Some people say rules were made to be broken. Others like to test this theory by bending them. Or, in the case of John Alexander Skelton, disregarding them completely.
Manifesting two fashionable months after the events of London Fashion Week: Mens, Skelton has taken over the top floor of the sarabande foundation building in east London to show his third collection for A/W 17.
Setting the stage for his collection, the floor and walls, even the support beams in the ceiling, were clad in a distressed dyed cloth. Candles sat atop pillars impaled in mounds of dirt in the center providing the atmosphere for an immersive experience.
layering was an important part of the A/W 17 collection clearly aimed toward outwear with the use of thicker, warmer materials, such as wool and corduroy for overcoats and sweaters. I was very impressed at the way he had re-purposed corduroy, a material commonly used for trousers, into a long overcoat.
Colours were mostly kept simple, with the use of dark and neutral tones and splashes of red and greens among others coming from his signature red neckerchiefs, and trousers sporting a tartan pattern.
Few ensembles were completed with headpieces made by Stephen Jones who Skelton had partnered with before.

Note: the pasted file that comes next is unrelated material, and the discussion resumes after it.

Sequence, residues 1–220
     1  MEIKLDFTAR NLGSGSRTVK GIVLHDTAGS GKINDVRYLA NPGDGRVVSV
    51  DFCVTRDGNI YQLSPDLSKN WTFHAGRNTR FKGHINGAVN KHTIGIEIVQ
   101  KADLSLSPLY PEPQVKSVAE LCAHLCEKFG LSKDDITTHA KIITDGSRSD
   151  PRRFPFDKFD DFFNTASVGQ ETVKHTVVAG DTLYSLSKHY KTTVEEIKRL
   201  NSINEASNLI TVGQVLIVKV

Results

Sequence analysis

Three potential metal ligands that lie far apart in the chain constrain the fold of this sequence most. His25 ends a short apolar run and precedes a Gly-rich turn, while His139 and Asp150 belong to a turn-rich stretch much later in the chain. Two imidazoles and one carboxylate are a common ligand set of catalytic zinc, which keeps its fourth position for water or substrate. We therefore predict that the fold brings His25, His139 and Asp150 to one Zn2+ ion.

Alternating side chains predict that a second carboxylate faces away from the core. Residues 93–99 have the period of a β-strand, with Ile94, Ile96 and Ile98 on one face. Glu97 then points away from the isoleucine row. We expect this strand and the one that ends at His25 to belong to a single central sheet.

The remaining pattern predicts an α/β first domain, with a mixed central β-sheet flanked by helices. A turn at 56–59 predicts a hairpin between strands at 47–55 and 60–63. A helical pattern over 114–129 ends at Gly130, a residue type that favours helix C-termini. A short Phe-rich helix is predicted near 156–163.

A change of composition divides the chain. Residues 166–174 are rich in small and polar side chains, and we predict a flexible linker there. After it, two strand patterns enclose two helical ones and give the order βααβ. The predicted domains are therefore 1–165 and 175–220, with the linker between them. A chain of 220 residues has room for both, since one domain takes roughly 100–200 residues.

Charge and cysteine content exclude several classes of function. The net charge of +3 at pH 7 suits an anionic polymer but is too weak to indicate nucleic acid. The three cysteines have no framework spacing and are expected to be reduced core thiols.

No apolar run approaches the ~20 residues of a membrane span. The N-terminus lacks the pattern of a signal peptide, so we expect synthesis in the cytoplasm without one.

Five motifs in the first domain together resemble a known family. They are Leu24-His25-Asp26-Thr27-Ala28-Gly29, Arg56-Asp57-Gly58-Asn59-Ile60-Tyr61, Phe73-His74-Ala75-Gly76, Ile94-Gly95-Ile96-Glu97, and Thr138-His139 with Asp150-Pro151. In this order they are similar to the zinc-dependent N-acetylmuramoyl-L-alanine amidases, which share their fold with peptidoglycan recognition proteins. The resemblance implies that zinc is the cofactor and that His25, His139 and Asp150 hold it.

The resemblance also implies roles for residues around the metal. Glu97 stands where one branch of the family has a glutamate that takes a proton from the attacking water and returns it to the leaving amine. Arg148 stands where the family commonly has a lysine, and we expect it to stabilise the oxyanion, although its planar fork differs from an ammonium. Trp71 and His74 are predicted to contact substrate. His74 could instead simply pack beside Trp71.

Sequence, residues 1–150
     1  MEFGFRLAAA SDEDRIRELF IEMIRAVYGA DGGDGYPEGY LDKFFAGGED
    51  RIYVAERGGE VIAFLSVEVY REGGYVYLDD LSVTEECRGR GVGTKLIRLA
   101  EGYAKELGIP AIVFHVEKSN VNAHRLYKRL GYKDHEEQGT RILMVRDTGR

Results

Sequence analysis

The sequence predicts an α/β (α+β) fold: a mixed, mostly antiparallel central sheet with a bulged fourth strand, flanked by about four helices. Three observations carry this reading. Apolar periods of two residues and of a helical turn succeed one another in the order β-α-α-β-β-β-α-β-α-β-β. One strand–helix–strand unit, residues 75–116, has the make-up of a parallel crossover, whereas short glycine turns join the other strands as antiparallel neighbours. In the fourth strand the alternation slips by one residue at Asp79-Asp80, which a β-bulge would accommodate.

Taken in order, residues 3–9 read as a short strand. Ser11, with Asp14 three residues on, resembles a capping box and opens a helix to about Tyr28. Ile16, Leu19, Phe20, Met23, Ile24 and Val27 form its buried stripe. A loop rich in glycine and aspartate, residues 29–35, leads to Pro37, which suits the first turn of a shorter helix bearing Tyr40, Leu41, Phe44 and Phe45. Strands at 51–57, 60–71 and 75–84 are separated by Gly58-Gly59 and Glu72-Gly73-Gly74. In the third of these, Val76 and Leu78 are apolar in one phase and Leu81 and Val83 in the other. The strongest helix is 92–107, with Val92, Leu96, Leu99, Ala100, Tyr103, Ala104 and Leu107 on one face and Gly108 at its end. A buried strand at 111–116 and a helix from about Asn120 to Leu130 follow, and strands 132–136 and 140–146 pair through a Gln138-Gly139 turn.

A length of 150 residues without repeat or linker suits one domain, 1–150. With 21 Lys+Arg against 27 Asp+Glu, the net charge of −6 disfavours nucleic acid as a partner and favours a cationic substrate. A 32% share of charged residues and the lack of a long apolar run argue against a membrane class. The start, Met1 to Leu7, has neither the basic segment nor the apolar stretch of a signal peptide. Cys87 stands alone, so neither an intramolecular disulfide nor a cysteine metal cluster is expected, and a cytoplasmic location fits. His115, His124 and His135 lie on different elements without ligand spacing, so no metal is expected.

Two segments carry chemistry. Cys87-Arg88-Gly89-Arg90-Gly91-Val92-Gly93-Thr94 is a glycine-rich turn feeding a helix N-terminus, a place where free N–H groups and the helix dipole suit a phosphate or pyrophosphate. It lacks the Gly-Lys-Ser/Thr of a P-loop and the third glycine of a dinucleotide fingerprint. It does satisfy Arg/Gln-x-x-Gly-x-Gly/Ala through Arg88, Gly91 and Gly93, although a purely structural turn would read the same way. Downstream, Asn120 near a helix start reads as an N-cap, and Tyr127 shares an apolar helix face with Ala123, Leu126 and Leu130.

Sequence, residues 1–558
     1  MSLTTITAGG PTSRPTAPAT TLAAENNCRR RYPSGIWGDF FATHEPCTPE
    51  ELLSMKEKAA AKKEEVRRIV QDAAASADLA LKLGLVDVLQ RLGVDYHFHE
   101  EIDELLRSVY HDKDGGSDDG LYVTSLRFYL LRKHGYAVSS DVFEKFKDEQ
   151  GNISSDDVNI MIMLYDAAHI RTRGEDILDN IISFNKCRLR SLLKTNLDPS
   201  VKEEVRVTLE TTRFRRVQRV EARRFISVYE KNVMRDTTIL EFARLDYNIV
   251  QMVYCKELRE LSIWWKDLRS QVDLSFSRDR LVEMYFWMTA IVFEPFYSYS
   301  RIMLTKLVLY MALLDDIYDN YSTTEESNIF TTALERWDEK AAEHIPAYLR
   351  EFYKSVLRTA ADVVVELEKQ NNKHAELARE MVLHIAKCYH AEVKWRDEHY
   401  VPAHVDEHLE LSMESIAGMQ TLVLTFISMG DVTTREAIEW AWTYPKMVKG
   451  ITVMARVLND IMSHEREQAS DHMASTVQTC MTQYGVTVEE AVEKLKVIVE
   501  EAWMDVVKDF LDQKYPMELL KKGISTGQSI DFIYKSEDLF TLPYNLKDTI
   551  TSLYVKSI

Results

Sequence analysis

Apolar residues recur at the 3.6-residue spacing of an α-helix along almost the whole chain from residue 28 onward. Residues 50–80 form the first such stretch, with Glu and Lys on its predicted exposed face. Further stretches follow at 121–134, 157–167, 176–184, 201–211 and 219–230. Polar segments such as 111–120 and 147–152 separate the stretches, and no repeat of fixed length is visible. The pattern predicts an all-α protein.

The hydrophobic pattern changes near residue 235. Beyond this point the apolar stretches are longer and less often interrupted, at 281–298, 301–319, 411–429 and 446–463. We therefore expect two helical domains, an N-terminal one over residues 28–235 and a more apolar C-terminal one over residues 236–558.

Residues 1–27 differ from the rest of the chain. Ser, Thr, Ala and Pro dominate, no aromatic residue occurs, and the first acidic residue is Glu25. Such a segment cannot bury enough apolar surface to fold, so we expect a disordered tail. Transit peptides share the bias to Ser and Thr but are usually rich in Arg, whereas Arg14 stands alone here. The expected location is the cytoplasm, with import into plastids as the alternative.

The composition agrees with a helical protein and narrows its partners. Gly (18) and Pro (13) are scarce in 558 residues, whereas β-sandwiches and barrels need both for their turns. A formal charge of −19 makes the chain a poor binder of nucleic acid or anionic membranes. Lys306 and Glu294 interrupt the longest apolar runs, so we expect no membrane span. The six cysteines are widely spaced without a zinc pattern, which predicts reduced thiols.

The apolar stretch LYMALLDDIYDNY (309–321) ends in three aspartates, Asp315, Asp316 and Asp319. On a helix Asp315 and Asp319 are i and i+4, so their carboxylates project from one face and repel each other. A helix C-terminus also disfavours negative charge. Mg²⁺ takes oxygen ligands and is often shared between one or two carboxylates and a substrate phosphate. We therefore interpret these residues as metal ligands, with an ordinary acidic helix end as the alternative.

Like all great works of art, the collection tells a story. Inspired by the events of Manchesers massacre of Peterloo in 1819, and the similarities to the countries current affairs. He wanted to raise awareness to the bloodshed which was achieved with models reciting Percy Bysshe Shelley’s ‘The masque of anarchy’ which was a political poem written in response to the massacre in it’s day.
A rebel with a cause John Alexander Skelton has set himself apart from the masses in the fashion world, and opened our minds as well as the doors to our wardrobe. And for that we thank you, after all George Santayana said: “Those who do not learn from history are doomed to repeat it”. But if we do, at least we can look good doing it.